In the recent case of Watt v ABC  EWCOP 2532, the Court of Protection (the Court) provided guidance on the correct approach for cases where the management regime for a personal injury award made to a person lacking capacity over their property and financial affairs is in question.
The respondent (ABC) suffered a brain injury and, following proceedings in the Queen’s Bench Division, he was awarded damages of approximately £1.5 million. The question before the Court was whether the award should be managed by ABC’s Deputy, or whether it should be paid into a personal injury trust.
In making the application, ABC’s Deputy relied on the case of SM v HM  COPLR 187 when submitting that there was a strong presumption in favour of the award being managed by a Deputy.
The Court considered the following in deciding which management regime should administer the award:
- the type of trust being proposed
- any powers to be given to the Deputy and any restrictions to be placed on the Deputy
- what ABC had the capacity to do with support
The Court found that as ABC had capacity to make some financial affairs decisions with support, the appointment of a Deputy was preferable to a personal injury trust (due to it offering ABC greater autonomy and flexibility). In particular, the Court emphasised that it was beneficial for ABC that the Deputy would only make decisions for ABC when he would lack capacity to make them himself. This decision was made despite the costs of management by a Deputy being greater than those of a trustee.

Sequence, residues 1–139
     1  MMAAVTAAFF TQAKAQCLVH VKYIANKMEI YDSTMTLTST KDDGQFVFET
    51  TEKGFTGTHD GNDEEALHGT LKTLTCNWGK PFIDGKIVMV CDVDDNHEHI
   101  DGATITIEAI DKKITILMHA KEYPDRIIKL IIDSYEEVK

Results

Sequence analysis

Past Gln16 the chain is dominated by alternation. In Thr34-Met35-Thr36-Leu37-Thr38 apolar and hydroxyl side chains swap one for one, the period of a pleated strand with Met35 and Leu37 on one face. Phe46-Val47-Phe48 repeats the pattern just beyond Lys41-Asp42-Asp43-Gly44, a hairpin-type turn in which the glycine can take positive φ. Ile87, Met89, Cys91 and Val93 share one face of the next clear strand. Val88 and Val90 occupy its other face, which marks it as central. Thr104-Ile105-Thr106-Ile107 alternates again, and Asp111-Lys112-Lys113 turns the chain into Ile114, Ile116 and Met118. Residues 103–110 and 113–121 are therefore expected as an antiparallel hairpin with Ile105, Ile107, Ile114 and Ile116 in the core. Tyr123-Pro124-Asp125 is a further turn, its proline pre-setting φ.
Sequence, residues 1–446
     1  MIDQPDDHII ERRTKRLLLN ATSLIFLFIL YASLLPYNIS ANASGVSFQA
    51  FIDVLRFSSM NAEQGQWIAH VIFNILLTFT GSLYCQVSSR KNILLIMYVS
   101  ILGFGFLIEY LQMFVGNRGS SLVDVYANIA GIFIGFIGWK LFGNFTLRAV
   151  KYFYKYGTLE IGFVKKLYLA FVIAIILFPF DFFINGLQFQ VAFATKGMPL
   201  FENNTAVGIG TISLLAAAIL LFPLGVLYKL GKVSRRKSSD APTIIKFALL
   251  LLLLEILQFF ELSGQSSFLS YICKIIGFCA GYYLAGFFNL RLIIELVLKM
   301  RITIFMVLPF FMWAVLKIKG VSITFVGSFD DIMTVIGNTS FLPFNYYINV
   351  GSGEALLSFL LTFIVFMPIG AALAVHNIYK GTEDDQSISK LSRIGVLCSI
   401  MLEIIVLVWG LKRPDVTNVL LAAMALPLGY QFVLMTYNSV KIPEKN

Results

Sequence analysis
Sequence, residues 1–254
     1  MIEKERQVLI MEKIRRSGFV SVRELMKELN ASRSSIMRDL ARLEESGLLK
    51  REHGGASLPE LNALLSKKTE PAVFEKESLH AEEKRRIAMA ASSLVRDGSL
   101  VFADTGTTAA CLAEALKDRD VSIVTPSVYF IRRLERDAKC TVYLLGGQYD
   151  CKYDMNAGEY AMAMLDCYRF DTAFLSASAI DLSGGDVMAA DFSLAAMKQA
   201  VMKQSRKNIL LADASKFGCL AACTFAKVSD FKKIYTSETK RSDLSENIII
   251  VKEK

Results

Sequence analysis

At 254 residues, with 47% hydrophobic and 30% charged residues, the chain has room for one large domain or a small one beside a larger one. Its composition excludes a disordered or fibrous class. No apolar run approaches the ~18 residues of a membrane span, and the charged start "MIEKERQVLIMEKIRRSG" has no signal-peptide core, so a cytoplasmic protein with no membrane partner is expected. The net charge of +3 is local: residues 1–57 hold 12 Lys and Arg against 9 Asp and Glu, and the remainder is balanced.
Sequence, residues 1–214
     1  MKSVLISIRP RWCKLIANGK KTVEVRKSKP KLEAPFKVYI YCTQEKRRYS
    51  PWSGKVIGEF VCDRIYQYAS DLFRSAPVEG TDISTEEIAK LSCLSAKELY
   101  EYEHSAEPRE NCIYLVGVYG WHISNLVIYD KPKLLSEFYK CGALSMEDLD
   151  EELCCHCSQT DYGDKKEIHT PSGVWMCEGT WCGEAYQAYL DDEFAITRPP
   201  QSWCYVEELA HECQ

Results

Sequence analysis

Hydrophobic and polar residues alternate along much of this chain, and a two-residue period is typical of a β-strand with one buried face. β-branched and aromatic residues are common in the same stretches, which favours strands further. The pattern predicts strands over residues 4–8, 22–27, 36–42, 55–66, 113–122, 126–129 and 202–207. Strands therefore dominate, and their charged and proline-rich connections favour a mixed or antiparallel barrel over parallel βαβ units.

Guidance for future cases
The Court helpfully provided a summary of points which should be considered in future cases:
- the management regime for a large award of damages must be considered as early as is practicable
- consideration of the management regime should not start on the basis that there is a strong presumption that the Court will appoint a Deputy to manage the award
- when considering the management regime, the following should be taken into account:
- what the incapacitate person does and does not have capacity to do now, and the likelihood of this changing in the future
- the terms and effects of the possible management regimes, including any taxation issues
- the costs of the possible regimes
Visit our capacity and Court of Protection page for further information.